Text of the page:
Whether it’s a short sale or a traditional home sale, anyone thinking of selling their house within the next year should make the move now. The market isn’t going to get any better.
That sounds self-serving, since we’re in the business of selling houses, but it isn’t. We have all the business we can handle right now, so this advice isn’t for our sake. It’s for the benefit of sellers, who need to act before an avalanche of foreclosures hits. With foreclosed homes flooding the market, the downward pressure on prices is going to be huge.
We’re not the only ones making this observation. The laws of supply and demand still apply, and it’s a straightforward equation: A greater supply of houses on the market means lower prices. What it will feel like is a really slow-motion reverse auction.
For homeowners involved in short sales, where the home is sold for less than the amount owned on the loan, this downward price pressure may be a little less of a concern. So long as a short seller’s lender agrees to the price offered, that’s the most important factor. The short seller is going to walk away without any proceeds from the sale anyway, but at least with a less-damaged credit history.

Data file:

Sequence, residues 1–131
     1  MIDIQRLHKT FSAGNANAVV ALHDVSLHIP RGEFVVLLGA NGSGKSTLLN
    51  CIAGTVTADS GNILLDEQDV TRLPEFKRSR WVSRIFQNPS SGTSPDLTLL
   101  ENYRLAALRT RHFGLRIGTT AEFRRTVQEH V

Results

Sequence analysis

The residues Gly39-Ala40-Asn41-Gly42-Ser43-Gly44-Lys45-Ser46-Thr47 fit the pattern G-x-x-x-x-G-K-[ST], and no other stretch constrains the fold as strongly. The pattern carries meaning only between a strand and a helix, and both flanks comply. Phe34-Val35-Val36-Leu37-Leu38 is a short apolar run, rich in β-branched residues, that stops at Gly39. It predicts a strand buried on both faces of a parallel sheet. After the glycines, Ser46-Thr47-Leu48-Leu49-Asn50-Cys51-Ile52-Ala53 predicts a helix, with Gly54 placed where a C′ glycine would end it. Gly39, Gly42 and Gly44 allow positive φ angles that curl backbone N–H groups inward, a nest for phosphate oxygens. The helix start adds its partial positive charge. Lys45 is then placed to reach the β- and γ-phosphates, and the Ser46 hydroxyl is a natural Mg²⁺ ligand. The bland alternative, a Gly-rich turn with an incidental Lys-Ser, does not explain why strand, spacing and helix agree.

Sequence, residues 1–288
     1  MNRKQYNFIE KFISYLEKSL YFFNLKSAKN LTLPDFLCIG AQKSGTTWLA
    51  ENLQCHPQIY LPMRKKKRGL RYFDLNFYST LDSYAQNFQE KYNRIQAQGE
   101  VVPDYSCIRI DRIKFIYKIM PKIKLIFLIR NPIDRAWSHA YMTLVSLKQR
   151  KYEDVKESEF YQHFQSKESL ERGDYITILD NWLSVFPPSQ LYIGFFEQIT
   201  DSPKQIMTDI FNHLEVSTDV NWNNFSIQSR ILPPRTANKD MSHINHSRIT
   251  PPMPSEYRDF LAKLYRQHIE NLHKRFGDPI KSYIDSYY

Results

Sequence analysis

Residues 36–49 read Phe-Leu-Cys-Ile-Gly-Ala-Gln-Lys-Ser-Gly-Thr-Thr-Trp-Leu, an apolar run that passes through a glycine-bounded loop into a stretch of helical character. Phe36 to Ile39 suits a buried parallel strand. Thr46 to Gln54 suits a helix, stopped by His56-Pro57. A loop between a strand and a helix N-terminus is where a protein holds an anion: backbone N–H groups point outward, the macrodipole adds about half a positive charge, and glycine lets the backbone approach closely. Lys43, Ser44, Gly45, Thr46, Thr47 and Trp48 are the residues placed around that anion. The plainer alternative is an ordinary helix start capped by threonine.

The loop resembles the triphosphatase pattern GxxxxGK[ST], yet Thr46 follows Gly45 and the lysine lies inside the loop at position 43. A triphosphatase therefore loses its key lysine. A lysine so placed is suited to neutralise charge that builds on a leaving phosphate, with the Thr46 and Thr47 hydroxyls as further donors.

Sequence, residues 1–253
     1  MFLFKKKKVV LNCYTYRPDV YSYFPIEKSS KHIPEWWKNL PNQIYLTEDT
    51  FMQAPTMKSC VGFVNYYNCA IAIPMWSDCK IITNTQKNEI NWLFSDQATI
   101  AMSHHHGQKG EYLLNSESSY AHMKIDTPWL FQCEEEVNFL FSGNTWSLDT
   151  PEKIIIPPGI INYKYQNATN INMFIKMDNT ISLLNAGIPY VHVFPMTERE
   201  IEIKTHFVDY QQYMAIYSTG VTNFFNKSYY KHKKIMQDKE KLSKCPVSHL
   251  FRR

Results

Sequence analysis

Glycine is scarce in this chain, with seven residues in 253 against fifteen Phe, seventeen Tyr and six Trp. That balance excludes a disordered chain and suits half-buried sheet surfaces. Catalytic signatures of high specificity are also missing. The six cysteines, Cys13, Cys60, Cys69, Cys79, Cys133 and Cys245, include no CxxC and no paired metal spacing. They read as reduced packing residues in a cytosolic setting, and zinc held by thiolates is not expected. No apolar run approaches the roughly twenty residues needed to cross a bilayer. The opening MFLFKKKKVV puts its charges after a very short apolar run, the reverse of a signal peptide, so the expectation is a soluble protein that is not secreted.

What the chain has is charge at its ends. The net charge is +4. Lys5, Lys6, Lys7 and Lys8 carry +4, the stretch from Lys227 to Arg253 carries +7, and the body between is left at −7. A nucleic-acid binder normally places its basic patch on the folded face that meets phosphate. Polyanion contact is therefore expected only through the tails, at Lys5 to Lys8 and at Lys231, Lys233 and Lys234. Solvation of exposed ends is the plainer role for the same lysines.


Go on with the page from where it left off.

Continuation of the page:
It’s the traditional seller, trying not just to sell the home, but to get the best price possible to maximize their cash, who will be hurt the most by the glut of foreclosed houses. These sellers may continue to close deals that let them pay off the mortgage and walk away with some proceeds, but it won’t be as much money as they would have had otherwise.
On top of all this, as the glut of foreclosed homes depresses property values, homeowners who may be on the edge of being under water now will end up in that uncomfortable position because of forces far beyond their control.
This is why we advise acting now if you are even remotely thinking you might sell. Some industry experts still see an 18-month window before the effects of the foreclosure wave are fully felt. We think 12 months is more realistic.
In the long term, we will all dig ourselves out of this hole, and values will start to go back up. Unfortunately, there’s a lot of pain to be felt before that happens.